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Acad Med. 2017 Jun;92(6):785-791. doi: 10.1097/ACM.0000000000001419.

Internal Medicine Residency Program Directors' Views of the Core Entrustable Professional Activities for Entering Residency: An Opportunity to Enhance Communication of Competency Along the Continuum.

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1
S.V. Angus is internal medicine residency program director and vice chair of education, Department of Medicine, University of Connecticut School of Medicine, Farmington, Connecticut. T.R. Vu is associate professor of clinical medicine and associate director of internal medicine clerkships, Department of Medicine, Indiana University School of Medicine, Indianapolis, Indiana. L.L. Willett is internal medicine residency program director and vice chair of education, Department of Medicine, University of Alabama, Birmingham, Birmingham, Alabama. S. Call is associate chair for education and program director, Internal Medicine Training Program, Department of Internal Medicine, Virginia Commonwealth University, Richmond, Virginia. A.J. Halvorsen is project and data manager, Office of Educational Innovations, Internal Medicine Residency Program, Mayo Clinic, Rochester, Minnesota. S. Chaudhry is vice president for academic affairs and chief academic officer, Memorial Healthcare System, Fort Lauderdale, Florida.

Abstract

PURPOSE:

To examine internal medicine (IM) residency program directors' (PDs') perspectives on the Core Entrustable Professional Activities for Entering Residency (Core EPAs)-introduced into undergraduate medical education to further competency-based assessment-and on communicating competency-based information during transitions.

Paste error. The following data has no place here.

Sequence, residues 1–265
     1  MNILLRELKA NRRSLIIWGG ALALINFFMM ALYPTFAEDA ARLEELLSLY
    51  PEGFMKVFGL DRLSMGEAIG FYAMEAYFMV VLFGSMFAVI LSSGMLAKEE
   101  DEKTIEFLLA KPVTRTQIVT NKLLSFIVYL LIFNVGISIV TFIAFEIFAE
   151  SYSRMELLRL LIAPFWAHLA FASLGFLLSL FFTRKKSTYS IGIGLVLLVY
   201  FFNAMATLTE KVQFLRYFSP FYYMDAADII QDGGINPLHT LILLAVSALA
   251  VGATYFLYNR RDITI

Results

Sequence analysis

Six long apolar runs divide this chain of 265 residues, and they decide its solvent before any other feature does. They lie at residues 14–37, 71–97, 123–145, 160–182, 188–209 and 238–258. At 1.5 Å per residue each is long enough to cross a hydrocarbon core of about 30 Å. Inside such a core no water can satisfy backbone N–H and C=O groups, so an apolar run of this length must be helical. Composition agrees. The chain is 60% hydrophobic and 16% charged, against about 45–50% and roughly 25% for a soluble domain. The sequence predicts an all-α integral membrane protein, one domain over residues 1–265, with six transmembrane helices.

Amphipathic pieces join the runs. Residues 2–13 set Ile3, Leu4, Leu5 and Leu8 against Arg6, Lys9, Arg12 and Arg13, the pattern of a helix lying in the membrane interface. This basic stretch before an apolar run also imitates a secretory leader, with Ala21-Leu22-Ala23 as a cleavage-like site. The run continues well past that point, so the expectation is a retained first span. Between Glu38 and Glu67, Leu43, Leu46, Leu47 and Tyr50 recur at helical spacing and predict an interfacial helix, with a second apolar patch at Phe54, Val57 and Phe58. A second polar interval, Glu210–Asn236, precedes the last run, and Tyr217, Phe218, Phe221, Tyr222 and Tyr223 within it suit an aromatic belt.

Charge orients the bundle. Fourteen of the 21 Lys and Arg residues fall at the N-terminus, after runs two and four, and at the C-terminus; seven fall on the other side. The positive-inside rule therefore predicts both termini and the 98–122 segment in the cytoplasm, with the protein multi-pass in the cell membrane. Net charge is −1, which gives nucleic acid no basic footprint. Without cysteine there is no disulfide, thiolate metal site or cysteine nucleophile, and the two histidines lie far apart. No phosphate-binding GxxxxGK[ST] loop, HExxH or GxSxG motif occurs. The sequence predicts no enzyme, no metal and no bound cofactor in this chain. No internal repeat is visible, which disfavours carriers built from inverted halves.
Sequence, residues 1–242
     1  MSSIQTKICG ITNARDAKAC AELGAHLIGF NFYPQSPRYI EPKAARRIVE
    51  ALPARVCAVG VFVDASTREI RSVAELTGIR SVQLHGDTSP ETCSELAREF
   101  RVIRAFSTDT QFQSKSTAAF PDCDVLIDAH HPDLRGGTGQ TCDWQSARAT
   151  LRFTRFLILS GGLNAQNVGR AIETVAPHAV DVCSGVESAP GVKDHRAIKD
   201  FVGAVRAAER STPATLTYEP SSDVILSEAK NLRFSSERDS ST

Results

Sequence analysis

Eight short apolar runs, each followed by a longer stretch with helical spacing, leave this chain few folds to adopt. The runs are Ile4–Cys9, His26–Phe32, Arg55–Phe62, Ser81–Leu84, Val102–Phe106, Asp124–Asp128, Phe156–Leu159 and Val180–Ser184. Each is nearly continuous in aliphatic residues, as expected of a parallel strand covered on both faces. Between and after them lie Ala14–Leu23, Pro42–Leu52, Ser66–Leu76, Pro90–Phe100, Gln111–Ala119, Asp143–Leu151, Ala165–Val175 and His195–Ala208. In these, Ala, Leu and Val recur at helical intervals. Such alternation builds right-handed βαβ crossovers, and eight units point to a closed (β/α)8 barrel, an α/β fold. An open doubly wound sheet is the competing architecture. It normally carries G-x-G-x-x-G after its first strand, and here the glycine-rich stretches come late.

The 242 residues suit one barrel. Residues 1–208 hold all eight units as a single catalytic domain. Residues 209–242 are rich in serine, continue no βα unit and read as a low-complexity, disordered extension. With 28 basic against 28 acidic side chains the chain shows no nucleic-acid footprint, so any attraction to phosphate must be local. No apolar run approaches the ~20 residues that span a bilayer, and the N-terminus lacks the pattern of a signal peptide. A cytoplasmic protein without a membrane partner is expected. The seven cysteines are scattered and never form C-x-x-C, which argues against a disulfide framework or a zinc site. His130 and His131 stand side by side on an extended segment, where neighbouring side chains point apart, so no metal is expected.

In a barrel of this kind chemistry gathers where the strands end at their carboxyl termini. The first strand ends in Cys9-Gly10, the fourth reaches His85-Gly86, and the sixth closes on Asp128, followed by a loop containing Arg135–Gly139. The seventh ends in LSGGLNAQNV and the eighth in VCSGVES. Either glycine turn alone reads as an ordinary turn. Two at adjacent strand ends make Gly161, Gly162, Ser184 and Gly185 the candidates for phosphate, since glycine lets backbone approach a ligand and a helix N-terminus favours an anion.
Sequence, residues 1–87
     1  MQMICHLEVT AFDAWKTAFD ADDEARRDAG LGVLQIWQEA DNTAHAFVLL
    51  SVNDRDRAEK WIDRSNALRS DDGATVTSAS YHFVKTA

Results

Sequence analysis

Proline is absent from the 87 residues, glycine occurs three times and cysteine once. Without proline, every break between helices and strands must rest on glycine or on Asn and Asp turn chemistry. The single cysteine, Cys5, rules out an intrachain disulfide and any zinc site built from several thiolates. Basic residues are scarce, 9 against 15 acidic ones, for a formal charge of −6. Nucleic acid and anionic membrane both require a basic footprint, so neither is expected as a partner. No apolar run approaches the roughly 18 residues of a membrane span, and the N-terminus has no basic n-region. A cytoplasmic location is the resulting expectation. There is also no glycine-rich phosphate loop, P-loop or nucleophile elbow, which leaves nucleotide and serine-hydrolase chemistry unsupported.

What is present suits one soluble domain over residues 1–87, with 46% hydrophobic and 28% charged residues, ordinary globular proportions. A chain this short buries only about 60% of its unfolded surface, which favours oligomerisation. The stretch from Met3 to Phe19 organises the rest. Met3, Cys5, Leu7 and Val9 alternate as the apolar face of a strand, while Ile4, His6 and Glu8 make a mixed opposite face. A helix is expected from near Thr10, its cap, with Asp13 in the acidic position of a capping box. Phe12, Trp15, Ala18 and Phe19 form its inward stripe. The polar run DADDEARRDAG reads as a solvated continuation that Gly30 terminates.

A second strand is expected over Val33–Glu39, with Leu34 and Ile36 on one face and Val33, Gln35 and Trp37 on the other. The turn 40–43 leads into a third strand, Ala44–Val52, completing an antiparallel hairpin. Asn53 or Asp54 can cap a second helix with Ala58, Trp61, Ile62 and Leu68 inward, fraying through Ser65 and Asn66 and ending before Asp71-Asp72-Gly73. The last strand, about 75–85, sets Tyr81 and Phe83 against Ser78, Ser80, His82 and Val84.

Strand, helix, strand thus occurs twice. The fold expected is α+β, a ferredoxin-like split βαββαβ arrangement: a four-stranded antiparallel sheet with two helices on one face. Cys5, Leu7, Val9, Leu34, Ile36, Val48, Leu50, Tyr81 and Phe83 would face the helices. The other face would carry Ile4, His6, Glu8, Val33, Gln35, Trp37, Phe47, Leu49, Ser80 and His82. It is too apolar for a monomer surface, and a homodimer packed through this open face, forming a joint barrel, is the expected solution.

METHOD:

A spring 2015 Association of Program Directors in Internal Medicine survey asked PDs of U.S. IM residency programs for their perspectives on which Core EPAs new interns must or should possess on day 1, which are most essential, and which have the largest gap between expected and observed performance. Their views and preferences were also requested regarding communicating competency-based information at transitions from medical school to residency and residency to fellowship/employment.

RESULTS:

The response rate was 57% (204/361 programs). The majority of PDs felt new interns must/should possess 12 of the 13 Core EPAs. PDs' rankings of Core EPAs by relative importance were more varied than their rankings by the largest gaps in performance. Although preferred timing varied, most PDs (82%) considered it important for medical schools to communicate Core EPA-based information to PDs; nearly three-quarters (71%) would prefer a checklist format. Many (60%) would be willing to provide competency-based evaluations to fellowship directors/employers. Most (> 80%) agreed that there should be a bidirectional communication mechanism for programs/employers to provide feedback on competency assessments.

CONCLUSIONS:

The gaps identified in Core EPA performance may help guide medical schools' curricular and assessment tool design. Sharing competency-based information at transitions along the medical education continuum could help ensure production of competent, practice-ready physicians.

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